The Food and Drug Administration has updated their seafood consumption guidance for expecting and breastfeeding mothers, highlighting the importance of a diet rich in seafood to the development of babies during pregnancy and early childhood. Recent long-term studies confirm this advice.
For years, women have been told to steer clear of seafood during pregnancy or while breastfeeding due to concerns over mercury consumption. But in July, the Food and Drug Administration and Environmental Protection Agency released updated guidance regarding the consumption of fish for pregnant and breastfeeding mothers-- including a helpful chart that simplifies the process of choosing the healthiest and safest options, minimizing mercury scares.
This new FDA advice stresses the health benefits of a diet rich in different types of fish and shellfish, as well as which fish are safe to eat during pregnancy.
Susan Mayne, director of the FDA’s Center for Food Safety and Applied Nutrition, said that expecting mothers should be eating much more seafood.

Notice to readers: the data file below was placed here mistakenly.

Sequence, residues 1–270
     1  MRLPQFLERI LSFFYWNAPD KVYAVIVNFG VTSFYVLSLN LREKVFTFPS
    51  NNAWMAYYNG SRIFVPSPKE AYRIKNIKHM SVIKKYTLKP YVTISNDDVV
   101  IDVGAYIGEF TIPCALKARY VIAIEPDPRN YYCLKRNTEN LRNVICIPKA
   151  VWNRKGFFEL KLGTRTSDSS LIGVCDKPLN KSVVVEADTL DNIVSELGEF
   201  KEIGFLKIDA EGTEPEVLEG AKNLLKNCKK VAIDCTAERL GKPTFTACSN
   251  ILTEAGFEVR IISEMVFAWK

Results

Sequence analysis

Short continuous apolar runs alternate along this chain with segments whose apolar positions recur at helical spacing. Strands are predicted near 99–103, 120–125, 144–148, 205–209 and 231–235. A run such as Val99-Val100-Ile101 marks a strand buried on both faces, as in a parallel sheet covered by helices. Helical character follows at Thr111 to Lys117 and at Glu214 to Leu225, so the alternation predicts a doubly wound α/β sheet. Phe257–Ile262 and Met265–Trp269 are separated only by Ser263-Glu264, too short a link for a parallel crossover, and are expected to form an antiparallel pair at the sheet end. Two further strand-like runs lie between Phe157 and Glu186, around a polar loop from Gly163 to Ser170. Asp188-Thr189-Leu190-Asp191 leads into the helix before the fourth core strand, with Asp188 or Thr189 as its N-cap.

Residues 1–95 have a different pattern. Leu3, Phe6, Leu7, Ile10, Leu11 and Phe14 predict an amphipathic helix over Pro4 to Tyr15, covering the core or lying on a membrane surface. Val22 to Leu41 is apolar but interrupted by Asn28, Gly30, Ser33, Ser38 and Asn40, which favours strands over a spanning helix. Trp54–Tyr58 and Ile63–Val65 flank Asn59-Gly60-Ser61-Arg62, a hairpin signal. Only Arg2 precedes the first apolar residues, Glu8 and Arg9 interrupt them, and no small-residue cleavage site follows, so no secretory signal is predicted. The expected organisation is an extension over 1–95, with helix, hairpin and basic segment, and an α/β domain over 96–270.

“Fish and shellfish are an important part of a well-rounded diet. However, we know many consumers worry about mercury in fish and even choose to limit or avoid fish because of this concern. We have seen that women in the U.S. who are pregnant are consuming far less than the recommended amount of seafood,” Mayne said.
The new advice indicates that women who are pregnant or breastfeeding should consume between 8 and 12 ounces of seafood per week from choices that are the lowest in mercury. The Best Choices list is comprised of the safest fish with the lowest mercury content like cod, flounder, salmon, shrimp, and many others. Seafood Choices to Avoid contain the highest mercury levels, and that list includes king mackerel, swordfish, bigeye tuna, and shark.
Confirming this advice, a recently released study out of Spain followed nearly 2,000 moms and their babies from the first trimester of pregnancy through the child's fifth birthday. Their findings reported that omega-3 acids found in fish are linked to a reduced risk of depression for mothers and a healthier birth weight for babies, along with improved development and brain function, and possibly asthma prevention.
In addition, the investigators found that eating large amounts of fatty fish during pregnancy could offer moderate benefits for the developing baby, including improvements in cognitive functioning and some protection from autism-spectrum traits.
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